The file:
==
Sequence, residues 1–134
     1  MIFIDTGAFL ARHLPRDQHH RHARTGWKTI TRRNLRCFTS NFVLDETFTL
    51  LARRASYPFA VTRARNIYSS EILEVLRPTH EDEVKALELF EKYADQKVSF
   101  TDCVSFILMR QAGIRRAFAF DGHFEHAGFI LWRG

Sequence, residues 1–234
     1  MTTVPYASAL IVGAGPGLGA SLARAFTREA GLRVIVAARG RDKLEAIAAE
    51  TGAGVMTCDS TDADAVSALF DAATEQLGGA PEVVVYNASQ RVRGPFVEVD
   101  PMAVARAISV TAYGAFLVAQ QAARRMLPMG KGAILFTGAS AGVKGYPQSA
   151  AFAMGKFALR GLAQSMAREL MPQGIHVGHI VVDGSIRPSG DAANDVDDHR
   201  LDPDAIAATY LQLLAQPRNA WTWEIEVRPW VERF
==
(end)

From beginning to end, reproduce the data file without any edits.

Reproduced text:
Sequence, residues 1–134
     1  MIFIDTGAFL ARHLPRDQHH RHARTGWKTI TRRNLRCFTS NFVLDETFTL
    51  LARRASYPFA VTRARNIYSS EILEVLRPTH EDEVKALELF EKYADQKVSF
   101  TDCVSFILMR QAGIRRAFAF DGHFEHAGFI LWRG

Sequence, residues 1–234
     1  MTTVPYASAL IVGAGPGLGA SLARAFTREA GLRVIVAARG RDKLEAIAAE
    51  TGAGVMTCDS TDADAVSALF DAATEQLGGA PEVVVYNASQ RVRGPFVEVD
   101  PMAVARAISV TAYGAFLVAQ QAARRMLPMG KGAILFTGAS AGVKGYPQSA
   151  AFAMGKFALR GLAQSMAREL MPQGIHVGHI VVDGSIRPSG DAANDVDDHR
   201  LDPDAIAATY LQLLAQPRNA WTWEIEVRPW VERF